Another of Chinchilla’s principal proposals for economic recovery centers on investment in infrastructure and the service industry. Chinchilla said increased investment in infrastructure would provide a short-term remedy for unemployment, which rose to 7.8 percent in 2009, and also contribute to the much-needed construction and repairs of bridges, roads and ports.


Solís also stressed the importance of investing in infrastructure and, of all the candidates, his plans appeared to be the most thorough. Solís said he would propose a 1.9 billion package to improve infrastructure in 10 areas of the country.


Both Fishman and Solís said that lowering interest rates is their highest priority for economic recovery. Both candidates said high interest rates discourage investment in Costa Rica.


Fishman focused on free trade zones and claimed they are being mishandled.


“Investment is centralized in the free trade zones because all of the investment that goes into them is within 20 miles of Juan Santamaría International Airport (near San José),” Fishman said. “If companies were granted a break on interest rates for operating in Limón, Puntarenas or Guanacaste, it would improve investment throughout the country.”


Such incentives were officially put in place last week when President Oscar Arias signed a reform of the free trade zone law. Fishman applauded the reform and said his administration would commit significant energy to encourage companies to operate in the less-populated regions of the country.


Trámites and Tax Reform


Aside from their main proposals to boost the depressed economy, the candidates also voiced criticisms of the policies and perceived oversights of the current administration. Of these, the headaches of trámites – the bureaucratic hoops that those attempting to do business in the country must leap through – and dealing with the current tax system topped the list.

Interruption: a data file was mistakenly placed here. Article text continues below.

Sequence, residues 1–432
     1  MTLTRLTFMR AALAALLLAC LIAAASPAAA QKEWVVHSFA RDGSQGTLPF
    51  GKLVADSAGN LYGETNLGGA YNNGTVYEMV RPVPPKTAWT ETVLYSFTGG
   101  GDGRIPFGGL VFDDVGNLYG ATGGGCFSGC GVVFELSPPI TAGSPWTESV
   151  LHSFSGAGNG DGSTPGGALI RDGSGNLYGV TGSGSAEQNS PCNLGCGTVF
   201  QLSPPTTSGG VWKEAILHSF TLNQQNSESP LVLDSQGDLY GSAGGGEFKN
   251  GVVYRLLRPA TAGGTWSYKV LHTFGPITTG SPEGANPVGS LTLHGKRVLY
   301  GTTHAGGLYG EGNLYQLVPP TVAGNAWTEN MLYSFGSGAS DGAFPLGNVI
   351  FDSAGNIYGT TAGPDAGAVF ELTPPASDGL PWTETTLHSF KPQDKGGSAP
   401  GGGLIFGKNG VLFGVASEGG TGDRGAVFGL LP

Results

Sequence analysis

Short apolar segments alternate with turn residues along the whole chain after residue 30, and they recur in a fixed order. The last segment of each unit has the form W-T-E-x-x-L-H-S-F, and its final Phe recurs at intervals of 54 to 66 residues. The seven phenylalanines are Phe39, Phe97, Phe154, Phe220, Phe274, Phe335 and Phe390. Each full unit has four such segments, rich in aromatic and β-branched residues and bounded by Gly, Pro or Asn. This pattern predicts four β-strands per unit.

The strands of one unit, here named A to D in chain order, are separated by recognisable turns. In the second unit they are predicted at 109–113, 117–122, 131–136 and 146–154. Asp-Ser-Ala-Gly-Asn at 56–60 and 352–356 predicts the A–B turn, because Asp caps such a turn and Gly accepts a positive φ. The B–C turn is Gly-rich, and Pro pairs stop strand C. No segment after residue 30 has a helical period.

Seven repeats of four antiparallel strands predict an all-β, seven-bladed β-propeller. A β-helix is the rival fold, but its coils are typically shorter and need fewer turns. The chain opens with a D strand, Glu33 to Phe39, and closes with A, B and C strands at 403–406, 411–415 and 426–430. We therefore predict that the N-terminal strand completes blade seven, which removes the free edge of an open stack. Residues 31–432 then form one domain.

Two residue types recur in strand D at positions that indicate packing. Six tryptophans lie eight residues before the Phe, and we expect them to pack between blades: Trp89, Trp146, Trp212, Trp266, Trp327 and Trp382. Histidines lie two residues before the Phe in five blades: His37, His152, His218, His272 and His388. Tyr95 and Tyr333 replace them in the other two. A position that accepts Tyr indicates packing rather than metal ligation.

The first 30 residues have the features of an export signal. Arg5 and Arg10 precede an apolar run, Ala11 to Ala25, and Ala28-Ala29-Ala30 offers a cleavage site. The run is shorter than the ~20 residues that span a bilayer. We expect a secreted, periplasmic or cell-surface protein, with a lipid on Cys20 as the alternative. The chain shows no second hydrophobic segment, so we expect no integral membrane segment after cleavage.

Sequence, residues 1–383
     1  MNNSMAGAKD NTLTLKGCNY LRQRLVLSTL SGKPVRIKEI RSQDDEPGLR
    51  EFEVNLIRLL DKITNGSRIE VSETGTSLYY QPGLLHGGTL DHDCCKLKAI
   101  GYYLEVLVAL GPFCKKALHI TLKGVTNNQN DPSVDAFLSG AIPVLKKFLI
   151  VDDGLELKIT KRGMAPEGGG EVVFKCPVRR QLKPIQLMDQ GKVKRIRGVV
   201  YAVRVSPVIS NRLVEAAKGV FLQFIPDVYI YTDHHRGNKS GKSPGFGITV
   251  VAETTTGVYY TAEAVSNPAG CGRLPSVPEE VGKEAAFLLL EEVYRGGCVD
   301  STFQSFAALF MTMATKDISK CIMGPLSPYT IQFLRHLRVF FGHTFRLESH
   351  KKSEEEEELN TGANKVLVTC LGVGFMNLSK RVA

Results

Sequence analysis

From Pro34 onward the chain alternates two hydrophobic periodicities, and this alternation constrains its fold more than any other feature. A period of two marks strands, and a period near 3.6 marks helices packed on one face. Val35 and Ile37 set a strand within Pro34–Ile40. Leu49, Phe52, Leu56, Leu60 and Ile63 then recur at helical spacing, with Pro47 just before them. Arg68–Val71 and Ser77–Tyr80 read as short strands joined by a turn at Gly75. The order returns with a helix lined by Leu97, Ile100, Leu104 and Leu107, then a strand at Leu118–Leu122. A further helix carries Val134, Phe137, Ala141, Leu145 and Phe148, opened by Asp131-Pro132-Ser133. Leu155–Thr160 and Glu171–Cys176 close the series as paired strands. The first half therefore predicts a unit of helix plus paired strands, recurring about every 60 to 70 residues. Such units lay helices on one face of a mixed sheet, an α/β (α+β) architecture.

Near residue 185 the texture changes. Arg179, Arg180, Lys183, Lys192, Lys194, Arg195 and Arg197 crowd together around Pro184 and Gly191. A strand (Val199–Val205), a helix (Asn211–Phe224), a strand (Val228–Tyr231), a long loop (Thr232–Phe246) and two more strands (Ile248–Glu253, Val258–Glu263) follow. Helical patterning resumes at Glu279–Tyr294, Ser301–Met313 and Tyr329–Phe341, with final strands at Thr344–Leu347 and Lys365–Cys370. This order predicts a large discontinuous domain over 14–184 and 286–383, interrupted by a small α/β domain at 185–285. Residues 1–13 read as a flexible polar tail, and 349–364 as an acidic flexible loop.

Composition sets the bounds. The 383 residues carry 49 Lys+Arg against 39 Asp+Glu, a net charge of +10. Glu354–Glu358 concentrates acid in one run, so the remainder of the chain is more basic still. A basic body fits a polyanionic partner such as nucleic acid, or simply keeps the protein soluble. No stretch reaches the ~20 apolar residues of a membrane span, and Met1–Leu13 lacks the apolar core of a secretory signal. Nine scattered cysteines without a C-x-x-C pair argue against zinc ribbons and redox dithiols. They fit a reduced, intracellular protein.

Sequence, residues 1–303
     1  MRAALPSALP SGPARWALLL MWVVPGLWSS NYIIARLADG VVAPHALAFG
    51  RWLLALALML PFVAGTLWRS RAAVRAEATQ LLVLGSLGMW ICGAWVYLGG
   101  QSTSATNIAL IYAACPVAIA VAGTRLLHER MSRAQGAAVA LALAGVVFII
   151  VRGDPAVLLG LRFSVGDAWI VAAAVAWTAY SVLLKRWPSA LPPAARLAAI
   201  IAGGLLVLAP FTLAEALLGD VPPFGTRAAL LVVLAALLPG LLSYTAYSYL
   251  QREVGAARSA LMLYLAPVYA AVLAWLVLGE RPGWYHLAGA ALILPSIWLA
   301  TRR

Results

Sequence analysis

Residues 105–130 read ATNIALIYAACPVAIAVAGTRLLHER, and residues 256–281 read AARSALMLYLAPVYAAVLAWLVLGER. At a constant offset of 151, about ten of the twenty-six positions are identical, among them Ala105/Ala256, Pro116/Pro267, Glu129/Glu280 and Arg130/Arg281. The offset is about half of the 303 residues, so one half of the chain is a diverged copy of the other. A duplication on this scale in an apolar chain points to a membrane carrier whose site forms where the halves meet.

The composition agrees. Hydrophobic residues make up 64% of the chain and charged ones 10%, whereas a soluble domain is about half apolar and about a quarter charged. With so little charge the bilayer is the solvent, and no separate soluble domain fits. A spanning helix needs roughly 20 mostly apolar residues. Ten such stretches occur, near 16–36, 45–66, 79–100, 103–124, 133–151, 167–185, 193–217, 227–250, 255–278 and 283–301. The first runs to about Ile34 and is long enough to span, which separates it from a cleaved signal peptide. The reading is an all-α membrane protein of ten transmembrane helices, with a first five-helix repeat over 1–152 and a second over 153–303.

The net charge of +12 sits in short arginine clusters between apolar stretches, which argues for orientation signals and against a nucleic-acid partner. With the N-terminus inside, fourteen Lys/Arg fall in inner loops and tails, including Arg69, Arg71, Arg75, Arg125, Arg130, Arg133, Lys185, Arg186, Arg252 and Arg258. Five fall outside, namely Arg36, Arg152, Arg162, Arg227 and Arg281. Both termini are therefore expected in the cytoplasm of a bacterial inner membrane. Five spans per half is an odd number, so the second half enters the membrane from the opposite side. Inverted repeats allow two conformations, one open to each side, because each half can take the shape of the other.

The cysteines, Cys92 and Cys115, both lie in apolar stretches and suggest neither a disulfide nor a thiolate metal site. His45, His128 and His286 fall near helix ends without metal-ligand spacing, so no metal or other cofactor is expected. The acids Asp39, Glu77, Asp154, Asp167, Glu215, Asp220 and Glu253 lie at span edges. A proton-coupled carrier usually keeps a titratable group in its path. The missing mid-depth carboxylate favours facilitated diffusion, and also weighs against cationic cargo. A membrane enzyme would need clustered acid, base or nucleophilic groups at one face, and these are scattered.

Both Solís and Fishman assailed bureaucratic processes as being lengthy, disorganized and inefficient.


“We will implement an efficient program for the simplification of trámites to facilitate the opening of the cellular and security markets and expansion of private business,” Solís said.


And Fishman mentioned the idea of a digital trámite system, which he said could simplify the current laborious process. In their interviews, Chinchilla and Guevara didn’t specifically mention the need to reform bureaucratic processes, but both said tax reform would be a priority.


“Costa Rica has pursued tax reform for many years,” Chinchilla said. “It is understood  that the system needs to be changedand it is one of the important things on our agenda … if we want to invest and put money into things such as infrastructure, we must provide the country a better social standard for which taxes are paid in the country.”


Chinchilla said that her tax reform would center on creating a “progressive tax” to be installed amongst different income tax brackets.


The idea of a progressive tax has also been a pillar of the Solís campaign. In October, Solís told The Tico Times that “The income tax system we have now must become more progressive. The system is currently unfair to poorer people and to those without significant means of income.


They pay too much in income taxes while the rich pay too little.”


Guevara said that he feels the creation of a “flat tax” is the appropriate path to tax reform. With a flat tax system, a fixed percentage income tax rate is applied to all citizens, regardless of income level.